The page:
Elections and the media

Media freedom is under great threat, despite some significant shifts over the last few years, we would be foolish to assume that we are winning the battle.  The dark forces are strong and are using technology to advance their causes and undermine democracy. As I begin it is important for me to stress my core assumption, that media is central to democracy, it is a public good, you cannot have a democracy without a free and independent media. We cannot talk about democracy, about free and fair elections unless we talk also about the role of the media and media freedom.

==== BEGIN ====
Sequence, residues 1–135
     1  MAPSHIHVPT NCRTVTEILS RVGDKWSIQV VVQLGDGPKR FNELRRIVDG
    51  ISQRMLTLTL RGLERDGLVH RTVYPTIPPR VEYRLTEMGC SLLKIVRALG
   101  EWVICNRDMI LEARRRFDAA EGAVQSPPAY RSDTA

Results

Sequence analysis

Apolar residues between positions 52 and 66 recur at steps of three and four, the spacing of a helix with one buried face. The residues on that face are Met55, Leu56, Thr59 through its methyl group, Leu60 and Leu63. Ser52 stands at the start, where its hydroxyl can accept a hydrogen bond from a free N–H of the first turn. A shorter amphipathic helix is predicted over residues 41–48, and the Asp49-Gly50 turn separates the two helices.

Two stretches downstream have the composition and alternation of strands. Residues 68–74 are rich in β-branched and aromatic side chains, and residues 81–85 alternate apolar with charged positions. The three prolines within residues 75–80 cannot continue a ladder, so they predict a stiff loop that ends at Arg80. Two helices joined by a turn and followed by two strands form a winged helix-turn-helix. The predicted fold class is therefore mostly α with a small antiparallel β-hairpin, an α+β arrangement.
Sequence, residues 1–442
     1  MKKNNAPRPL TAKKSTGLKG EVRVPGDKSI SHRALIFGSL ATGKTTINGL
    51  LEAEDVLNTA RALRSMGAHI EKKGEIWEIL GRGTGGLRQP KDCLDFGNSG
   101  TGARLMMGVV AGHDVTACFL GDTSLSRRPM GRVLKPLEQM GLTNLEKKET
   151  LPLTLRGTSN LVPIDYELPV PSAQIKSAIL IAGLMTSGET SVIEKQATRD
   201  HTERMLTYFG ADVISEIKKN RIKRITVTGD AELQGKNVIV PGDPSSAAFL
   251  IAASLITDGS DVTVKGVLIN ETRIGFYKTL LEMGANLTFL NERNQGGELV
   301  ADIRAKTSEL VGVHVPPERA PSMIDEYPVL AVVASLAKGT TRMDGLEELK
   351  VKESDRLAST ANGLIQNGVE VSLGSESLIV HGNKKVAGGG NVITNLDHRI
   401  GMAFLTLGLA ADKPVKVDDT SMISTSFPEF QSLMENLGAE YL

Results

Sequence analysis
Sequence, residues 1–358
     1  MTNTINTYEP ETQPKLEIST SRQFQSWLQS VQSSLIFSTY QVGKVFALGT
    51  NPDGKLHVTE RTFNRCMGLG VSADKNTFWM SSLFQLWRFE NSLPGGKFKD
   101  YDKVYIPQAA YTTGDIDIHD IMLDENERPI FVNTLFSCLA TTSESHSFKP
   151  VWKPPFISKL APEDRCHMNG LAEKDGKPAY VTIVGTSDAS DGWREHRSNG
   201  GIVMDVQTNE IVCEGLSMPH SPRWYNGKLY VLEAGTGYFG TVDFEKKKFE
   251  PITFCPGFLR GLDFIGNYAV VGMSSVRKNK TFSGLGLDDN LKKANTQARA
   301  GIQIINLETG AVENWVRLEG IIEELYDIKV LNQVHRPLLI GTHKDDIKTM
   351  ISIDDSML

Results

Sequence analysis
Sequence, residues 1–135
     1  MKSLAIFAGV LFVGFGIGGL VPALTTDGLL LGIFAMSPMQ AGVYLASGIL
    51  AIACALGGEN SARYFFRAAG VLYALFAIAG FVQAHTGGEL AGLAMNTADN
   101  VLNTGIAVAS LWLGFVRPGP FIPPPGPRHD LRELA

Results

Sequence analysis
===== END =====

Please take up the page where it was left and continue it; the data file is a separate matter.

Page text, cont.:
Looking at media freedom we see the threats are significant, they are supported and accompanied by the rise of populism.  This is not unique to us in this part of the world, indeed we have witnessed the rise of populism in Europe and the USA. To some degree the rise of populism is also accompanied by the denial of scientific thought and rational thinking, and undermining of all core elements of democratic state. Just the other day Guardian published a story on how populists are more likely to believe conspiracy theories. https://www.theguardian.com/world/2019/may/01/revealed-populists-more-likely-believe-conspiracy-theories-vaccines?CMP=Share_iOSApp_Other. In our experience we know populists work against rational thought, against our world as a complex place, yet they see the failures of our democratic systems, of the inequality and they use these to trade on our fears and anxieties and then present easy answers.  There can be few better examples than President Trump and his use of the wall. Crime, human trafficking, drug abuse – easy to solve build a wall and stop the evil people form coming in. It’s so deceptively simple, and also so clearly inappropriate.  We know it cannot address the complex issues, which require policy, commitment and all key stakeholders to work together.  The approach is to trade on our fears, our emotions in the hope and often legitimate belief that we will then make irrational decision to allay our fears.  These are the same approaches of the disinformers, those people who seek to undermine democracy.  They push emotional buttons, in order to encourage you to fall for whatever they are selling. Identifying the emotional elements, the fear stoking content is one of the most common giveaways of disinformation.